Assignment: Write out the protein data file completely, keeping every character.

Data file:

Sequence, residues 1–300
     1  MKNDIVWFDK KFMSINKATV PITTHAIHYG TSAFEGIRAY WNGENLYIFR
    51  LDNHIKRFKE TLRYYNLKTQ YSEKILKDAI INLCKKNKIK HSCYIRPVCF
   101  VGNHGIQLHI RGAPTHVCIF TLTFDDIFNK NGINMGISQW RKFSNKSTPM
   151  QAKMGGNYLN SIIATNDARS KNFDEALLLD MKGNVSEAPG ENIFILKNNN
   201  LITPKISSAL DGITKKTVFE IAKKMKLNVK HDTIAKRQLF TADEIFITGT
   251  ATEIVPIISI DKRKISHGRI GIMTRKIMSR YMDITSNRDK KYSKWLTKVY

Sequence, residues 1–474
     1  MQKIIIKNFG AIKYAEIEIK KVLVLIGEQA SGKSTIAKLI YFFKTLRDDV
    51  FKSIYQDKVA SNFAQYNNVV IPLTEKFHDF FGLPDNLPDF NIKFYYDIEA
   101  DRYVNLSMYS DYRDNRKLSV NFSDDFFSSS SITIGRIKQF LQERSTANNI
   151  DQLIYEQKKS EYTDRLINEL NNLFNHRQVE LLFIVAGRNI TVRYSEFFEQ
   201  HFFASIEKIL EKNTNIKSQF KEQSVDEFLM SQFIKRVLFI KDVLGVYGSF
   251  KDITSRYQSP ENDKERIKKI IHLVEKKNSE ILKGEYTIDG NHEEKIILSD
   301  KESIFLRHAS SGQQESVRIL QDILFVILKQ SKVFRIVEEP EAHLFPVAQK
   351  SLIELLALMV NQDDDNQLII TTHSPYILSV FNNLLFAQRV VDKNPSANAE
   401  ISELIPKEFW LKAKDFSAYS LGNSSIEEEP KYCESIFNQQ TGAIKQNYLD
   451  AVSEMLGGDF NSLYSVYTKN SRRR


Sequence, residues 1–300
     1  MKNDIVWFDK KFMSINKATV PITTHAIHYG TSAFEGIRAY WNGENLYIFR
    51  LDNHIKRFKE TLRYYNLKTQ YSEKILKDAI INLCKKNKIK HSCYIRPVCF
   101  VGNHGIQLHI RGAPTHVCIF TLTFDDIFNK NGINMGISQW RKFSNKSTPM
   151  QAKMGGNYLN SIIATNDARS KNFDEALLLD MKGNVSEAPG ENIFILKNNN
   201  LITPKISSAL DGITKKTVFE IAKKMKLNVK HDTIAKRQLF TADEIFITGT
   251  ATEIVPIISI DKRKISHGRI GIMTRKIMSR YMDITSNRDK KYSKWLTKVY

Sequence, residues 1–474
     1  MQKIIIKNFG AIKYAEIEIK KVLVLIGEQA SGKSTIAKLI YFFKTLRDDV
    51  FKSIYQDKVA SNFAQYNNVV IPLTEKFHDF FGLPDNLPDF NIKFYYDIEA
   101  DRYVNLSMYS DYRDNRKLSV NFSDDFFSSS SITIGRIKQF LQERSTANNI
   151  DQLIYEQKKS EYTDRLINEL NNLFNHRQVE LLFIVAGRNI TVRYSEFFEQ
   201  HFFASIEKIL EKNTNIKSQF KEQSVDEFLM SQFIKRVLFI KDVLGVYGSF
   251  KDITSRYQSP ENDKERIKKI IHLVEKKNSE ILKGEYTIDG NHEEKIILSD
   301  KESIFLRHAS SGQQESVRIL QDILFVILKQ SKVFRIVEEP EAHLFPVAQK
   351  SLIELLALMV NQDDDNQLII TTHSPYILSV FNNLLFAQRV VDKNPSANAE
   401  ISELIPKEFW LKAKDFSAYS LGNSSIEEEP KYCESIFNQQ TGAIKQNYLD
   451  AVSEMLGGDF NSLYSVYTKN SRRR